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Thread: Massive oil pipeline break under N.D. farmer's wheat field

  1. #1
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    Massive oil pipeline break under N.D. farmer's wheat field

    AP October 11, 2013, 9:49 AM

    BISMARCK, N.D. North Dakota farmer who discovered an oil spill the size of seven football fields while out harvesting wheat says that when he found it, crude was bubbling up out of the ground.

    Farmer Steve Jensen says he smelled the crude for days before the tires on his combines were coated in it. At the apparent break in the Tesoro Corp.'s underground pipeline, the oil was "spewing and bubbling six inches high," he said in a telephone interview Thursday.

    What Jensen had found on Sept. 29 turned out it was one of the largest spills recorded in the state. At 20,600 barrels it was four times the size of a pipeline rupture in late March that forced the evacuation of more than 20 homes in Arkansas.

    But it was 12 days after Jensen reported the spill before state officials told the public what had happened, raising questions about how North Dakota, which is in the midst of an oil boom, reports such incidents.

    Massive oil pipeline break under N.D. farmer's wheat field - CBS News

  2. #2
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    And three years later…

    More than three years later, N.D. Tesoro oil spill still not cleaned up

    Jason Thomson

    DECEMBER 19, 2016 —More than three years ago, 840,000 gallons of oil seeped from a pipeline break in North Dakota to contaminate the surrounding soil. Less than a third has been cleaned up.

    In the wake of another spill this month, 150 miles further south, as well as the ongoing debate over the four-state Dakota Access pipeline, the slow progress of the Tesoro Corp. cleanup is causing some consternation.

    snip

    The Tesoro break took place on a six-inch diameter pipeline, as did this month’s spill in Belfield. Neither is believed to have contaminated any water sources, but in the Belfield incident an estimated 176,000 gallons of oil spewed into a creek that feeds the Little Missouri River, a tributary of the Missouri River. Freezing temperatures appear to have limited the spread.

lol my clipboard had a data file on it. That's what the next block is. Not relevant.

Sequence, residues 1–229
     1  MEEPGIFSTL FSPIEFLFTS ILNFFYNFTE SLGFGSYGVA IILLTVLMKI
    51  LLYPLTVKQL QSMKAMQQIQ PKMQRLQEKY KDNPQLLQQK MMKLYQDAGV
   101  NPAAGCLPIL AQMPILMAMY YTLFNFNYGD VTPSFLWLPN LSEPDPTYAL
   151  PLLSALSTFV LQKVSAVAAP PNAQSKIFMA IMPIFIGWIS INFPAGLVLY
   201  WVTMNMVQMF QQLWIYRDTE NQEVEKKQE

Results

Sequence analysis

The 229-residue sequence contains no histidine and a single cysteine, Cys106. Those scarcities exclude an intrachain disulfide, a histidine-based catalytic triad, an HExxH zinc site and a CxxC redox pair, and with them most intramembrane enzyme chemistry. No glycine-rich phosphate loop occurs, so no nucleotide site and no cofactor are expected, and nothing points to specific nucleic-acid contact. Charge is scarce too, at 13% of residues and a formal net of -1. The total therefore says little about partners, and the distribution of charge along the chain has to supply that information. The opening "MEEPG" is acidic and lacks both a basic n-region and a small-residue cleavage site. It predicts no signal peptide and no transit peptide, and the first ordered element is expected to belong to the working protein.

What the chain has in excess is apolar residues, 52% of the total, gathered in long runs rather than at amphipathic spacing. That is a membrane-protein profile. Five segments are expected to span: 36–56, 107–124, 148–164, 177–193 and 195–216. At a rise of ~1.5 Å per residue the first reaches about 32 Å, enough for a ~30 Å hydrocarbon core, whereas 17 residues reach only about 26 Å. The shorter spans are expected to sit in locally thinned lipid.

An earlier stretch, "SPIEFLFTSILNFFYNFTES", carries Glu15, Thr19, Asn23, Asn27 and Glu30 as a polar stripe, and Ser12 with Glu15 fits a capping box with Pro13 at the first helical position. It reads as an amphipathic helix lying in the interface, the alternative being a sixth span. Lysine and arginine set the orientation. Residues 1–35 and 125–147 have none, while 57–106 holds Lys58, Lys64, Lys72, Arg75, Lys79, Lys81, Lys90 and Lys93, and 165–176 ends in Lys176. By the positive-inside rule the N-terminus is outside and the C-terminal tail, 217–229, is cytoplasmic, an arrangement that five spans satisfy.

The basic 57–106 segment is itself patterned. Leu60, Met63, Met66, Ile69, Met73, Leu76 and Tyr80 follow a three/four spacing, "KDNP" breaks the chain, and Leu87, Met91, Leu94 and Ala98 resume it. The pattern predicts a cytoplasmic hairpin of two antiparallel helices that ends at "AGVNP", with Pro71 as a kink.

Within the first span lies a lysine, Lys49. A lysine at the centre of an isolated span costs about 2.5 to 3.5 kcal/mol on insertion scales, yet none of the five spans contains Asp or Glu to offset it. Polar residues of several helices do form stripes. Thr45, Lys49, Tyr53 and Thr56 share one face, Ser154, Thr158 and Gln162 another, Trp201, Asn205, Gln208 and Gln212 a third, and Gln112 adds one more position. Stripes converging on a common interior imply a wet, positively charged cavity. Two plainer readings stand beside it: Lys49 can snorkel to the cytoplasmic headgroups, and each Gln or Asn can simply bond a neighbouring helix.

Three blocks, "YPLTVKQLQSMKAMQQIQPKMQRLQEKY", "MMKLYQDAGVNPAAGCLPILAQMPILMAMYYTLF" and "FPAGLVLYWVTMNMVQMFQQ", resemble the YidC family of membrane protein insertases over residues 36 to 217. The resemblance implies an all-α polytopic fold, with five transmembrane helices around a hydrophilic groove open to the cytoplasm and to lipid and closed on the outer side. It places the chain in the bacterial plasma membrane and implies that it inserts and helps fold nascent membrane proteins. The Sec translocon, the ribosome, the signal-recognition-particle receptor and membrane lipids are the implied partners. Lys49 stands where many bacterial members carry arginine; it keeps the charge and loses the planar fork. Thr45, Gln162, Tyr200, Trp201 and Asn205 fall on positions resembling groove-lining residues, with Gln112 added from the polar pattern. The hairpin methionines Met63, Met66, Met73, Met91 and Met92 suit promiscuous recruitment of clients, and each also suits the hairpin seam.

The six-inch pipelines are part of a network that spreads for thousands of miles all over western North Dakota’s oil patch.

    By contrast, the Dakota Access pipeline – which has seen months of protests for environmental reasons, as well as concerns over the destruction of sacred sites – uses 30-inch pipes. The builder of that pipeline, Energy Transfer Partners, says that remote monitoring will allow workers to shut down the pipeline in case of a leak.

    When oil spewed from the Belfield line earlier this month, monitoring equipment failed to detect the leak, and it fell to another farmer to raise the alarm."

    More than three years later, N.D. Tesoro oil spill still not cleaned up - CSMonitor.com

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    Coulda been worse.

    Coulda been one of those self-exploding oil trains.

    There are no completely safe methods for moving oil.

    Pipelines are the safest way.

    People who want to protect the environment support the pipelines.

  4. #4
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    The protesters say they object to the pipeline’s being close to the water intake of the Standing Rock Sioux Reservation. However, this should be of no concern as it will sit approximately 92 feet below the riverbed, with increased pipe thickness and control valves at both ends of the crossing to reduce the risk of an incident, which is already low.

    Just like the companies that run the 10 other fossil-fuel pipelines crossing the Missouri River upstream of Standing Rock, Energy Transfer Partners—the primary funder of this pipeline—is taking all necessary precautions to ensure that the pipeline does not leak.

    But even if there were a risk, Standing Rock will soon have a new water intake that is nearing completion much further downstream near Mobridge, South Dakota.



    Dakota Access Pipeline Facts Protesters Don?t Want You to Know
    Thanks from Bronwyn

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